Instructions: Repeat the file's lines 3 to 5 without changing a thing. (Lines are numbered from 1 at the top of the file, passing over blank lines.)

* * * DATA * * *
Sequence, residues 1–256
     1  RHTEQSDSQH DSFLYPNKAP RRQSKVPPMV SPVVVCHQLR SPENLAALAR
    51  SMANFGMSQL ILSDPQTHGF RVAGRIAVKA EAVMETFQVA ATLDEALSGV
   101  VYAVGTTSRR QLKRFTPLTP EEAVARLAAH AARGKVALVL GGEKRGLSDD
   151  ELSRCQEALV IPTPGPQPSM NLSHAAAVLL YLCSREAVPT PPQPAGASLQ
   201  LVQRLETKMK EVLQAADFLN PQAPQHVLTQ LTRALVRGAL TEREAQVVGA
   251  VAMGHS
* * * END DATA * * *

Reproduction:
    51  SMANFGMSQL ILSDPQTHGF RVAGRIAVKA EAVMETFQVA ATLDEALSGV
   101  VYAVGTTSRR QLKRFTPLTP EEAVARLAAH AARGKVALVL GGEKRGLSDD
   151  ELSRCQEALV IPTPGPQPSM NLSHAAAVLL YLCSREAVPT PPQPAGASLQ